Monday, July 16, 2012

Debate on the AGW skeptics blog

This may be boring. I am using it as a repository for my contributions to the debate on WUWT, so that if moderated, my efforts will not be entirely wasted.

Tony G asks if wobble is in denial, in my opinion. I have no opinion on that, and if I did, I would not express it here, as the one thing I have learned here is that the d-word is not PC.

David Ross argues that current temperatures are not unprecedented. I accept that. The Eemian waqrm period was 114k years ago. To put that in context, anatomically modern humanity began 200k y/ago, and became behaviourally modern 50k years ago, Civilisation began about 12k y/ago.

OK, part of northern Greenland was ice free 4k y/ago. However, the Vostok core goes back 420k yrs. We cannot extrapolate from  one region of  Greenland to the whole world. We have to spread the net of data as wide as possible.

David then helpfully refers to evidence of forest fires in the MWP, supporting my point that increased forest fires are to be expected in warm times, and that this will unfortunately provide another positive feedback. In providing this argument, David contradicts Smokey and Crispin. Wikipedia : says "Heat waves, droughts, cyclical climate changes such as El NiƱo, and regional weather patterns such as high-pressure ridges can increase the risk and alter the behavior of wildfires dramatically."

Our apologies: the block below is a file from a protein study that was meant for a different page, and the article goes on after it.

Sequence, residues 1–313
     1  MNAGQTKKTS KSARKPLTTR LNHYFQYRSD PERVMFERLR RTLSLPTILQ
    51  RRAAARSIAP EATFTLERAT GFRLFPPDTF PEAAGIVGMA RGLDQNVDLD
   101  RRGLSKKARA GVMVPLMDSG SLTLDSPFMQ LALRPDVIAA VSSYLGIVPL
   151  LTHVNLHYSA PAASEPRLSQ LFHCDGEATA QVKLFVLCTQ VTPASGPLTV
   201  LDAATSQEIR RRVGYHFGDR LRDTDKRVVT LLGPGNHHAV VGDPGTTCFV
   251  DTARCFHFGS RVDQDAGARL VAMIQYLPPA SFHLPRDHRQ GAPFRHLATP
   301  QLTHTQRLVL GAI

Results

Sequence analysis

I have to confess that I am not sure what turnedoutnice is arguing. Which is a big pity, since he is addressing the key point of my argument, which is that the effect of anthropogenic CO2 on climate is generally agreed, since it is derived from basic physics (as Rob Dekker has set out).

Is there anyone on this list who can summarise what turnedoutnice is saying? Is it agreed by all, or the majority on this list? Because if it can be sustained, it represents a revolution not just in climate science, but in physics.

If it is not, we must all accept as fact that (1) CO2 is a greenhouse gas, (2) that it is increasing, (3) that this increase commits the earth to a modest increase in temperature, and therefore (4)  we must debate climate sensitivity and decide on the importance  of this increase on the climate as a whole.

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